The Church has turned millions of people away from Christ by usurping authority that it does not have--and by NOT exercising the authority that it HAS been given. The Church has often usurped power as did King Saul, and yet, conversely, it has fallen short in exercising spiritual authority as sons of God. Many speak of a "powerless church," referring to a church which does not see the power of God working in its midst. The irony is that the Church has often taken upon itself political and judicial powers that were never given to it.
(13) Therefore let us not judge one another anymore, but rather determine this--not to put an obstacle or a stumbling block in a brother's way.
Paul was referring to the law in Leviticus 19:14,
(14) You shall not curse a deaf man, nor place a stumbling block before the blind, but you shall revere your God; I am the Lord.
Paul understood that God had blinded the eyes of His people--except for the remnant of grace (Rom. 11:7). Jesus, too, recognized this, for we read in John 12:37-40,
(37) But though He had performed so many signs before them, yet they were not believing in Him; (38) that the word of Isaiah the prophet might be fulfilled, which he spoke, "Lord who has believed our report? And to whom has the arm of the Lord been revealed?" (39) For this cause they could not believe, for Isaiah said again, (40) "He has blinded their eyes, and He hardened their heart; lest they see with their eyes, and perceive with their heart, and be converted, and I heal them."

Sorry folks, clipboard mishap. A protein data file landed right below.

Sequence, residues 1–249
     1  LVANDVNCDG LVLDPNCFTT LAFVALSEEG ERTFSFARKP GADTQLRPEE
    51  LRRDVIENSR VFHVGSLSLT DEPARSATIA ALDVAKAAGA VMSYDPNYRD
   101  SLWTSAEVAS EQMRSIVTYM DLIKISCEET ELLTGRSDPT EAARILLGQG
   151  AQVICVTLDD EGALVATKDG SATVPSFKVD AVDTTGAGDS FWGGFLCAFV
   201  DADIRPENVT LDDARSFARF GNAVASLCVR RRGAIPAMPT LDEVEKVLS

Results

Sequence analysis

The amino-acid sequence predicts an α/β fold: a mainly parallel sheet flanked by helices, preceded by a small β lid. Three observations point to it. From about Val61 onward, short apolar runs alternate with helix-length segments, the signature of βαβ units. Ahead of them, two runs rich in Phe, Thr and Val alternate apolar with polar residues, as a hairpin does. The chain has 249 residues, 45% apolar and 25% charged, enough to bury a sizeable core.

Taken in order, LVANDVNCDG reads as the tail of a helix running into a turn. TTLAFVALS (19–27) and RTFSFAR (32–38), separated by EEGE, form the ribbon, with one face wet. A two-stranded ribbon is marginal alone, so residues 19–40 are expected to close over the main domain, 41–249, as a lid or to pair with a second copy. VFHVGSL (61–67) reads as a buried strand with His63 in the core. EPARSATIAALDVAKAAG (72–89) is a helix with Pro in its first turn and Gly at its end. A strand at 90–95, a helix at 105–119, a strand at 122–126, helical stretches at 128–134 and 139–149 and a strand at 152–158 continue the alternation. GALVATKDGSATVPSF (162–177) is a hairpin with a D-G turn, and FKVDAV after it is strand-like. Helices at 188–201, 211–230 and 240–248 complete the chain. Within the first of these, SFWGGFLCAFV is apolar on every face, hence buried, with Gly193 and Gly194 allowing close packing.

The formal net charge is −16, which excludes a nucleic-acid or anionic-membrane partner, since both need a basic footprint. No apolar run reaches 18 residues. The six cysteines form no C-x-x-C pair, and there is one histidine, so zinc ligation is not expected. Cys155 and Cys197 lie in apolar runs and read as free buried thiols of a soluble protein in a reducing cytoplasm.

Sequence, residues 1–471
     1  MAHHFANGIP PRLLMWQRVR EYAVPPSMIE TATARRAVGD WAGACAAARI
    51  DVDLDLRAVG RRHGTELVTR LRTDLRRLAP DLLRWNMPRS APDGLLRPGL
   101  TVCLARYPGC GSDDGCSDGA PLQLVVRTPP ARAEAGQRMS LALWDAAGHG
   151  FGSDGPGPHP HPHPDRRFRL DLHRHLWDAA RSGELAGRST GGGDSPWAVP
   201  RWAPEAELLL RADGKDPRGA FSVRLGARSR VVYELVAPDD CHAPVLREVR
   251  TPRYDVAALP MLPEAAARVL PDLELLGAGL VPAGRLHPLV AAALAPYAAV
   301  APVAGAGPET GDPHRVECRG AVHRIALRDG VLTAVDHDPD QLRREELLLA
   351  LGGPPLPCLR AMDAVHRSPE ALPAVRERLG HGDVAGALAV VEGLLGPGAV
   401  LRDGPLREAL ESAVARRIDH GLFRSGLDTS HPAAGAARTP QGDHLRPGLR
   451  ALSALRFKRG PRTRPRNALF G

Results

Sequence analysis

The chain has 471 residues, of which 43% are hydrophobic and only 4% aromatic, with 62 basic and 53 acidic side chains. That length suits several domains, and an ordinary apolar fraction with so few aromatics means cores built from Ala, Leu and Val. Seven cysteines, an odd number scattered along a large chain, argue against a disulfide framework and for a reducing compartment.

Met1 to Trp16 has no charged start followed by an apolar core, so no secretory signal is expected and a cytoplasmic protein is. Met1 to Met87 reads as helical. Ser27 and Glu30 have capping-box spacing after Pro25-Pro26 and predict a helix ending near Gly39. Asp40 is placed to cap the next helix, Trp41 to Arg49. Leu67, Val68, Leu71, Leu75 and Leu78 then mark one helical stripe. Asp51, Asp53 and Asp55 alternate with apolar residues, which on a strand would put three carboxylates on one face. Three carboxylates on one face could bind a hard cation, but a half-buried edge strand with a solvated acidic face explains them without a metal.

God used a Cross as a stumbling block before the blind, for Paul says in 1 Cor. 1:23,
(23) but we preach Christ crucified, to Jews a stumbling block, and to the ethnos, foolishness.
God also claims to have hardened their hearts, in essence, plugging their ears, as we have read already in Romans 11:8-10. Hence, the message of God, though given generally to all, will not be heard unless God opens the eyes and ears of the people by a work of the Holy Spirit. So we read in Rev. 2:29 and elsewhere,
(29) He who has an ear, let him hear what the Spirit says to the churches.
It is obvious that even the churches are not exempt from this divinely-imposed deafness. The remnant of grace, then, does not include the entire body of Christian believers who are part of the Church by simple faith. Even Christians can be deaf.
We all believe that we know deaf and blind Christians. They are always living somewhere outside of our own bodies, we believe. The blind church is always the one down the street. It is the "deaf" church that we often curse from our own pulpits for not hearing our Truth. We love doing things that would cause those other "blind" churches to stumble.
It is sometimes difficult to speak the truth (as we see it) without cursing the deaf or placing a stumbling block before the blind. We treat these blind and deaf people as if they were fully and totally responsible for their own condition, instead of recognizing the sovereignty of God in this matter.
This is why it is important to understand Romans 9, as well as all the Scriptures where God takes the credit and the ultimate responsibility for the hardness of men's hearts, their blindness, and their deafness. Men have difficulty recognizing God's sovereignty unless they see also the restoration of all things in the end. A sovereign God appears to be unjust in His dealings with the earth, but when we see the overall divine plan through His eyes, we see that all things do indeed work together for good. In the end, all of creation will praise Him, not out of compulsion, but out of reverence, awe, and love.
This is the third part of a series titled "Romans 14." To view all parts, click the link below.
Dr. Stephen Jones